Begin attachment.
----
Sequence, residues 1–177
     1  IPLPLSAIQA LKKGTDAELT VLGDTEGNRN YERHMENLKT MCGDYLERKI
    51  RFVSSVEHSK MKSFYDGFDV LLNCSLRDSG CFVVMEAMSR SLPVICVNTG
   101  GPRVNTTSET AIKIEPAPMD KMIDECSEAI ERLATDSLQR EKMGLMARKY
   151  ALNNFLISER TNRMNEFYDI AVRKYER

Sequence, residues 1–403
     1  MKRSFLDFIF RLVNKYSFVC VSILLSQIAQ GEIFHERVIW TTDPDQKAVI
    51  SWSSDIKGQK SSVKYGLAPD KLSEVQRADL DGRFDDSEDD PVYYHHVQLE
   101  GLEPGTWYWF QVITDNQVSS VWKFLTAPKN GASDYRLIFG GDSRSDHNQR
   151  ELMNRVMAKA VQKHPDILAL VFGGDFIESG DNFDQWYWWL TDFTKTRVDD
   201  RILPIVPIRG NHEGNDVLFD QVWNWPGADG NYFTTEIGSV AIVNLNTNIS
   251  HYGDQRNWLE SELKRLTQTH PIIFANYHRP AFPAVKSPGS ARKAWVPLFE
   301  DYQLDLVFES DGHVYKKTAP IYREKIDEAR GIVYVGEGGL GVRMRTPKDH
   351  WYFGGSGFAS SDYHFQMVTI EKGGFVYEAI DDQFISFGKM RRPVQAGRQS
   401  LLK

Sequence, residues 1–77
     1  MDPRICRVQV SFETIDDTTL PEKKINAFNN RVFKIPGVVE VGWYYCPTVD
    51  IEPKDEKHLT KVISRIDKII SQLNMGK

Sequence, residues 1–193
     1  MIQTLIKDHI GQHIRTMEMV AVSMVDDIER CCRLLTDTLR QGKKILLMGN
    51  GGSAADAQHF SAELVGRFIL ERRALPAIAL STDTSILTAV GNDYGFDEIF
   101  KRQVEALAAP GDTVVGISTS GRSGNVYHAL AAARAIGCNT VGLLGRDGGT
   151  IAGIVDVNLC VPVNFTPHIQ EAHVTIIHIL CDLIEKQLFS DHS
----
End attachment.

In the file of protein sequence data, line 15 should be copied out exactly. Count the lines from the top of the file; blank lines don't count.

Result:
   401  LLK